I've been pondering about my New Year message for this blog since, oh, last Christmas Eve. First, I wanted to write about the past year, cherishing the good and spitting out the bad with some positive vibes for 2010... blah blah. Yawn. I fell into a too-bored-to-type-that-guff funk, before I sparked up the laptop. Then, with the New Year snow, my thoughts turned to white landscapes, fresh beginnings and clean breaks...a blank canvas to customise the future... Shut your eyes and imagine a future where you are a better writer/plumber/lollipop lady, forgiving yourself and others; living for a brighter day...
...but that left me feeling a bit we-are-the-worldish.
Then my heating broke down and The Child and I spent a couple of fun freezing days snuggling under four massive duvets, with hot chocolate and dumpling soup for comfort. So then of course the blog was going to be about loving where you are and, who you're with and, how the home should really be where the heart is and, lets pray that its the same for everyone around the world,la la la....
Still kinda we-are-the-worldish. I thought it might make for a good blog piece but, I ended up feeling a bit 'meh' about it after a few days. Then the earth broke away from the foundations of Haiti leaving an estimated two hundred thousand dead. Let me type that again: two hundred thousand. On that same day I finished reading Cormac McCarthy's The Road and went to a young mother's funeral. Somehow, they all seemed connected.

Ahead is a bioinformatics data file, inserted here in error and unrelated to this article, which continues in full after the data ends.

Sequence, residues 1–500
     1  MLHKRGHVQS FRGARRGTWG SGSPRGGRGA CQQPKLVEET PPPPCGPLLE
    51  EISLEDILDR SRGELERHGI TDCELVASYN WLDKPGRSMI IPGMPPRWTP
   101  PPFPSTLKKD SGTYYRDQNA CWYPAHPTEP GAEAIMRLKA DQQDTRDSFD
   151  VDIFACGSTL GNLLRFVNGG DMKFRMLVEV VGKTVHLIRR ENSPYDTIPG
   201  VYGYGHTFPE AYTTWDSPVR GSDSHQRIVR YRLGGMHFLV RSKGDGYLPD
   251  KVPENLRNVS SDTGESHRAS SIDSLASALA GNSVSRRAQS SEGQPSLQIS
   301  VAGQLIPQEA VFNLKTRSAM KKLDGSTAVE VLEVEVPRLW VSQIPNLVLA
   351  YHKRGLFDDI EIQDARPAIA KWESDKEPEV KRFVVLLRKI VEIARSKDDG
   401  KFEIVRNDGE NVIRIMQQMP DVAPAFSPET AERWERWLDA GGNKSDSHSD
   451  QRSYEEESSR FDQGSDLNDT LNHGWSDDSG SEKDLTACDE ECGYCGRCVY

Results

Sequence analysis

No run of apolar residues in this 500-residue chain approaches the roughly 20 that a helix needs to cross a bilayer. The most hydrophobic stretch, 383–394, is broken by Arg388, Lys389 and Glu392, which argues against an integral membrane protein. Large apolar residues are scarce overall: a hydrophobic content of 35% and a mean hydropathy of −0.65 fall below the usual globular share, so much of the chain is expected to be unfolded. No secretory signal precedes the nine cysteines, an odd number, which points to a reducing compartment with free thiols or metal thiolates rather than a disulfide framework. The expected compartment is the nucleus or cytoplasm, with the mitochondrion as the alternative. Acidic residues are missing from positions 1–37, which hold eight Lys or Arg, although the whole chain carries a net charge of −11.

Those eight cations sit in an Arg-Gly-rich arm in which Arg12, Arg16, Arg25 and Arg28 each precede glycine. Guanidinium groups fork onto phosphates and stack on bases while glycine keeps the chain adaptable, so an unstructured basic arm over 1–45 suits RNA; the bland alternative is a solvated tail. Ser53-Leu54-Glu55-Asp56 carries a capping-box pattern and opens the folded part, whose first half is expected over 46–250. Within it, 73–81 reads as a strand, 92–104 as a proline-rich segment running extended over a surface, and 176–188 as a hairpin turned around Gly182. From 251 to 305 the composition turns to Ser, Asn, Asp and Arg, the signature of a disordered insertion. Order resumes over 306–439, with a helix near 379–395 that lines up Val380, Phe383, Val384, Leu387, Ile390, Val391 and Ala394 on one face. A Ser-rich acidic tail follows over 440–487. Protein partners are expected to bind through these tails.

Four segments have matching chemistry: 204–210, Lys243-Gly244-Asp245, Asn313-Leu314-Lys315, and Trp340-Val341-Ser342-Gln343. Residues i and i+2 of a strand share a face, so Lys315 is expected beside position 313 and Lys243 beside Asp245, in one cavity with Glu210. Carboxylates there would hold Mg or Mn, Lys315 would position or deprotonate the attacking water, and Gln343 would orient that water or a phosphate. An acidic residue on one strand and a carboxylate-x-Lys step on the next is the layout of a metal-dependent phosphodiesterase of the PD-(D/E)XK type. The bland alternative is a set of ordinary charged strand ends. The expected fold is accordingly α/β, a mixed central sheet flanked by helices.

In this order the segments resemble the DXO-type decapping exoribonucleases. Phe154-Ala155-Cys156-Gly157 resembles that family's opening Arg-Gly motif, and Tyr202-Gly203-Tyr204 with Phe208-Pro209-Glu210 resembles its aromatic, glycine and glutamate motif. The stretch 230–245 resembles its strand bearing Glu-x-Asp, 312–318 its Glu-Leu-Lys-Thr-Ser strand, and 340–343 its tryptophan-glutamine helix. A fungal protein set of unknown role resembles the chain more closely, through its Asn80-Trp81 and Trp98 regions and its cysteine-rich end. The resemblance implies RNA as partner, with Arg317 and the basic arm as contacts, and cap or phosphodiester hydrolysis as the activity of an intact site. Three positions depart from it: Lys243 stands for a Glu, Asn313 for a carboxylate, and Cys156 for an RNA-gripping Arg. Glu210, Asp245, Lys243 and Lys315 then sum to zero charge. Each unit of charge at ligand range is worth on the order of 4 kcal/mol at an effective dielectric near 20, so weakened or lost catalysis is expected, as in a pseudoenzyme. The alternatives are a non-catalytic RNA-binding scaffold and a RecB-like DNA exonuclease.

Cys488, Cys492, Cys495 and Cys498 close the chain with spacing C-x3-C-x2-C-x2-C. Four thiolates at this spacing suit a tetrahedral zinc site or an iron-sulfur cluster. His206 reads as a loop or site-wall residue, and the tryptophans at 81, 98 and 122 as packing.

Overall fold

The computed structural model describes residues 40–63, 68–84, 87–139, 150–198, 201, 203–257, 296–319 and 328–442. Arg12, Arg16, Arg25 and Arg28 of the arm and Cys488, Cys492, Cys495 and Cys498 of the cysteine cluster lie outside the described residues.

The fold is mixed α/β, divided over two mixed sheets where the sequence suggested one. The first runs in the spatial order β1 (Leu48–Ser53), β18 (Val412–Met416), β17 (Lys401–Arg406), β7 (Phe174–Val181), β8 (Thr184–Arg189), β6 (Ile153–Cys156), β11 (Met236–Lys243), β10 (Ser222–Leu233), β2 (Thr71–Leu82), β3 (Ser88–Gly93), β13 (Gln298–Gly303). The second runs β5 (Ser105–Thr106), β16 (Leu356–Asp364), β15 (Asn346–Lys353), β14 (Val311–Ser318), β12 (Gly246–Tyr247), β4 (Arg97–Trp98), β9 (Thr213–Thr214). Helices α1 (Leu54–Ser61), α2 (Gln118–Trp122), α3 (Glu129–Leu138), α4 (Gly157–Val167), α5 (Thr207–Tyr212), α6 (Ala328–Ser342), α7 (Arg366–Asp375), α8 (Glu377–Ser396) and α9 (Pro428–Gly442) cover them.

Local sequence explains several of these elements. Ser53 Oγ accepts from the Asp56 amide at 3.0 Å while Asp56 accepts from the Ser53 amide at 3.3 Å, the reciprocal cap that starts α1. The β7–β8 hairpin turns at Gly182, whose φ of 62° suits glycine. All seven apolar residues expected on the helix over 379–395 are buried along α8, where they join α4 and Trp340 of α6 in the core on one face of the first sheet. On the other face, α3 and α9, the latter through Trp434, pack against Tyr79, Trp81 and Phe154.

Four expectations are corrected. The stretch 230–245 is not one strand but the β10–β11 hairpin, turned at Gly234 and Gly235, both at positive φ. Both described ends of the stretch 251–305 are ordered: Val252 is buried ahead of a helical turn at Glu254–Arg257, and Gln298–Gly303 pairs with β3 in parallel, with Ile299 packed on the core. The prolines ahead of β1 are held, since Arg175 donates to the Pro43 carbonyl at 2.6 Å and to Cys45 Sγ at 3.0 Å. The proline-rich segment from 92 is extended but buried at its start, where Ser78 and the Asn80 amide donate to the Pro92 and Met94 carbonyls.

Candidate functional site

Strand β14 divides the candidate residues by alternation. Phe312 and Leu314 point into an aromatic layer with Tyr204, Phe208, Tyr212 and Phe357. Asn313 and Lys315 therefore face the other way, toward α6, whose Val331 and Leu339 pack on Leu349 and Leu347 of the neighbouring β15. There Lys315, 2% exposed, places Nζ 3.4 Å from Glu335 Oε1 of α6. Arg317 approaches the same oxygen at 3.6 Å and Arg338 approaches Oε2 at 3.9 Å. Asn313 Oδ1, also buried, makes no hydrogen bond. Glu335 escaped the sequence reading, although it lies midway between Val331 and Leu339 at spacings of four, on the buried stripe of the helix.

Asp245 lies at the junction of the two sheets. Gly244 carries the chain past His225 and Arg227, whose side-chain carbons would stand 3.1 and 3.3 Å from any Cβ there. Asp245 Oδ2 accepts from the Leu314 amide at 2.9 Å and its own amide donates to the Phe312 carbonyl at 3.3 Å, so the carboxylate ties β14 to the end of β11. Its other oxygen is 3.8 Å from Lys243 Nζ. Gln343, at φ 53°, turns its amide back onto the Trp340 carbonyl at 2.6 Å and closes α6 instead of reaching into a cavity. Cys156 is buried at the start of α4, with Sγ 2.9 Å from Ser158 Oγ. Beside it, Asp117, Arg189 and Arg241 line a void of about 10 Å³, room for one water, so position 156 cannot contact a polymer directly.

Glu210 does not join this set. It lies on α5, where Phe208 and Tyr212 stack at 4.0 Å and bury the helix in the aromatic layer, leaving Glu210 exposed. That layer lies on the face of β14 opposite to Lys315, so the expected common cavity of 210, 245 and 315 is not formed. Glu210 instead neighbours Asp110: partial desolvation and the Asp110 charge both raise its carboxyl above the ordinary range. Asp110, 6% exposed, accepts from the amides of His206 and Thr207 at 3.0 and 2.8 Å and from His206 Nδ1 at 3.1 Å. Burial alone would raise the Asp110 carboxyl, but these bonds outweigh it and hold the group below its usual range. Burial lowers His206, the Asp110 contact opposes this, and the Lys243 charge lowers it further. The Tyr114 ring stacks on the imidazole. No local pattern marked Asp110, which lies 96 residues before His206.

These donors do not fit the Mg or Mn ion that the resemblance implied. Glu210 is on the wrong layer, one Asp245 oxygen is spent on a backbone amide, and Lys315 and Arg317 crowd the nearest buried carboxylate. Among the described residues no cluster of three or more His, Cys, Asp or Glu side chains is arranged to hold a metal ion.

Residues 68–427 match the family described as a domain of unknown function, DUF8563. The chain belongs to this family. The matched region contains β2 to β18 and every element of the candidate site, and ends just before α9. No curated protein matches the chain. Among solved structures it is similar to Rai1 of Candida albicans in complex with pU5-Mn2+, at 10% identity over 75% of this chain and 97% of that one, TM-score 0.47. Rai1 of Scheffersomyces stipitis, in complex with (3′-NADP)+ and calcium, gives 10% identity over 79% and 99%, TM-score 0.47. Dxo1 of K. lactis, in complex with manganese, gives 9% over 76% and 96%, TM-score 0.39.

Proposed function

You know, We Are The World is not such a bad mantra for the New Year. I mean there's a reason its a popular song. It resonates with folk. And it's timeless. Our many differences only serve to emphasis our universal humanity. Can't argue with that. Why, it's the reason we all paused to cheer for the two year old Haitian boy rescued from the rubble where many might have died. Still, the reports of rioting in Haiti frighten me.
Cormac McCarthy's, The Road is a terrifying and stirring warning of what could happen if we choose to ignore our shared humanity. I beg you to read it. Then watch the film. Then read it again.
Finally, have you realised how hard it is to find a dry eye at a funeral when the children start to speak of their departed parent? It is heartbreaking to witness a child mourn his/her parent and yet the fact that even a detached onlooker can be moved by this gives me hope. And somewhere in there is my New Year message. Thank you for visiting my blog. I wish you a meaningful 2010.